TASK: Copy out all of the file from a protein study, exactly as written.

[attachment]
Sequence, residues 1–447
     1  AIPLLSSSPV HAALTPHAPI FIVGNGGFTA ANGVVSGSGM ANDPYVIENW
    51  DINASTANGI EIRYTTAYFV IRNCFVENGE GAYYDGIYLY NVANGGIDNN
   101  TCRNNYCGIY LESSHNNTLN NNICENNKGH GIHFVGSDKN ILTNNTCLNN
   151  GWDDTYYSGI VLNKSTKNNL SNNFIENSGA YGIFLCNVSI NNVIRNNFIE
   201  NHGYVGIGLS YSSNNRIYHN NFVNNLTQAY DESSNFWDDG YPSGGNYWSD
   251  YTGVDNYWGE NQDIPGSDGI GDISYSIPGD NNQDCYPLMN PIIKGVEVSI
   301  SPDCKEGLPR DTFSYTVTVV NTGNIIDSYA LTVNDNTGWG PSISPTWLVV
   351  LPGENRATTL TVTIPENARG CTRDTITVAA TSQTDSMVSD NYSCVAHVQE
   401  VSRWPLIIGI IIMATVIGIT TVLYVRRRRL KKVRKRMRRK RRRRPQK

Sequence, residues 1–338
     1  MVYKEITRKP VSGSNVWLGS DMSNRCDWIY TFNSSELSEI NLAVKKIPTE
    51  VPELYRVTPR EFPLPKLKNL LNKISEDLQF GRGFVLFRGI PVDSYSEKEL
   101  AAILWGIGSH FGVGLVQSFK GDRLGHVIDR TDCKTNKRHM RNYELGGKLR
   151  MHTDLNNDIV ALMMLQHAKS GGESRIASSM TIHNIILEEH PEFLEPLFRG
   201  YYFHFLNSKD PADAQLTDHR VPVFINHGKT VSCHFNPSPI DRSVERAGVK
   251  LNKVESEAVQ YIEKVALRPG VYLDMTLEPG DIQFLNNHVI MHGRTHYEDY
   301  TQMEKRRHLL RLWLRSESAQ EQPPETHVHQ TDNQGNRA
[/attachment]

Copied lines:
Sequence, residues 1–447
     1  AIPLLSSSPV HAALTPHAPI FIVGNGGFTA ANGVVSGSGM ANDPYVIENW
    51  DINASTANGI EIRYTTAYFV IRNCFVENGE GAYYDGIYLY NVANGGIDNN
   101  TCRNNYCGIY LESSHNNTLN NNICENNKGH GIHFVGSDKN ILTNNTCLNN
   151  GWDDTYYSGI VLNKSTKNNL SNNFIENSGA YGIFLCNVSI NNVIRNNFIE
   201  NHGYVGIGLS YSSNNRIYHN NFVNNLTQAY DESSNFWDDG YPSGGNYWSD
   251  YTGVDNYWGE NQDIPGSDGI GDISYSIPGD NNQDCYPLMN PIIKGVEVSI
   301  SPDCKEGLPR DTFSYTVTVV NTGNIIDSYA LTVNDNTGWG PSISPTWLVV
   351  LPGENRATTL TVTIPENARG CTRDTITVAA TSQTDSMVSD NYSCVAHVQE
   401  VSRWPLIIGI IIMATVIGIT TVLYVRRRRL KKVRKRMRRK RRRRPQK

Sequence, residues 1–338
     1  MVYKEITRKP VSGSNVWLGS DMSNRCDWIY TFNSSELSEI NLAVKKIPTE
    51  VPELYRVTPR EFPLPKLKNL LNKISEDLQF GRGFVLFRGI PVDSYSEKEL
   101  AAILWGIGSH FGVGLVQSFK GDRLGHVIDR TDCKTNKRHM RNYELGGKLR
   151  MHTDLNNDIV ALMMLQHAKS GGESRIASSM TIHNIILEEH PEFLEPLFRG
   201  YYFHFLNSKD PADAQLTDHR VPVFINHGKT VSCHFNPSPI DRSVERAGVK
   251  LNKVESEAVQ YIEKVALRPG VYLDMTLEPG DIQFLNNHVI MHGRTHYEDY
   301  TQMEKRRHLL RLWLRSESAQ EQPPETHVHQ TDNQGNRA